Aspirations and Astrobiology: The Possibility of Life on Mars


A concept drawing of future NASA robots collaborating to collect and transport Mars samples. Credits: NASA/ESA/JPL-Caltech

Grace Thomas, Staff Writer

With NASA’s Perseverance rover, the world is getting a little closer to finding out if there is a possibility that we are not alone in the universe. 

The rover, which landed on Mars in February of 2021, has already taken steps in this new path of discovery.

The Mars Sample Return missions will be an ongoing series of missions to return all collected rock samples progressively back to Earth, which may reveal more about life on planets beyond Mars as well. Rock samples have already been collected and saved for further inspection and research back on Earth.  

The first core was collected on September 1st, 2021, making history as the first sample from a foreign planet that will be returned to Earth. The chance of outside life seems to be higher than ever, even with the minimal research scientists can conduct from Earth.

A picture of Rochette, the rock from which Perseverance took its first core samples. The two samples were collected on September 1st and September 7th. Credits: NASA/JPL-Caltech

In an interview with, Project Scientist Ken Farley said, “‘It looks like our first rocks reveal a potentially habitable sustained environment…It’s a big deal that the water was there a long time.’”

The discovery that water–a substance required to sustain life of all known lifeforms today–was present on the planet for a long period of time could mean that ancient life was able to develop in a time past on Mars. Mars is the closest resembling currently known planet to Earth and therefore holds the highest possibility to produce life.

In an article for, principal scientist Meenakshi Wadhwa said of the future of these samples: “The collection of these well-documented samples will eventually allow us to analyze them in the best laboratories here on Earth once they are returned.”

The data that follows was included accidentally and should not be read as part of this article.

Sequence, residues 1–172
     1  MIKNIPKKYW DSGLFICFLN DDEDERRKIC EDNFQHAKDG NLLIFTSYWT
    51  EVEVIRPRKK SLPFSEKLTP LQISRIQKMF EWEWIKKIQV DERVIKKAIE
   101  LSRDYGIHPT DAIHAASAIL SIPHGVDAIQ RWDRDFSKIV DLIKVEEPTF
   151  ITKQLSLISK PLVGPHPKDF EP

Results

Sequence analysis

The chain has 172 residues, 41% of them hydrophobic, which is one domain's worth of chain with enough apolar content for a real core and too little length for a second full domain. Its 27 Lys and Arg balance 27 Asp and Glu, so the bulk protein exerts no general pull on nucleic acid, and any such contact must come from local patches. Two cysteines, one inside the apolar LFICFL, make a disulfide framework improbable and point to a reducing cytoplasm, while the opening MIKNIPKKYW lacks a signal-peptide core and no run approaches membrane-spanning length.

Analysis on Mars is difficult due to the issues with sending specialized lab equipment outside of the Earth’s atmosphere. Sudden, drastic changes to air pressure and temperature changes could cause irreparable damage. 

These new variables may not only have effects on equipment from Earth, however. The samples themselves will face heavily altering conditions in gravity and air pressure. To prevent damage, samples may be delivered to Earth through a variety of methods. One of the most tested methods is a process called brazing, in which metal alloy is melted to glue metal together and could sterilize the cores.

Perseverance photo of the first rock core sample in the process of being packaged. Credits: NASA/JPL-Caltech


The temperature changes are perhaps the largest obstacle, as stated by Brendan Feehan, the Goddard systems engineer for the sample return system, “Among our biggest technical challenges right now is that inches away from metal that’s melting at about 1,000 degrees Fahrenheit–we have to keep these extraordinary Mars samples below the hottest temperature they might have experienced on Mars, which is about 86 degrees Fahrenheit.” The brazing process has shown success so far, and will likely be the selected process for the return missions. 

This process shows potential for studies of life beyond the red planet, as well. Finding a way to return samples from Mars may reveal a pathway to getting samples from moons and planets far beyond it. 

Astrobiologist Daniel Glavin discussed the prospect of getting samples from such places, stating that the selected technique would be essential to more return missions in the future, such as trips to Europa or Enceladus. These missions could result in even more vibrant and living samples, as stated by the scientist: “…we could collect and return fresh ocean plume samples that could contain living extraterrestrial organisms. So we need to figure this out.” 

The chosen technique–which is still undetermined–will need to be carefully polished and well known before it can return possibly living samples back towards Earth. The path ahead is lengthy and unknown. 

But, with just a little perseverance–and Perseverance–humankind will find a way.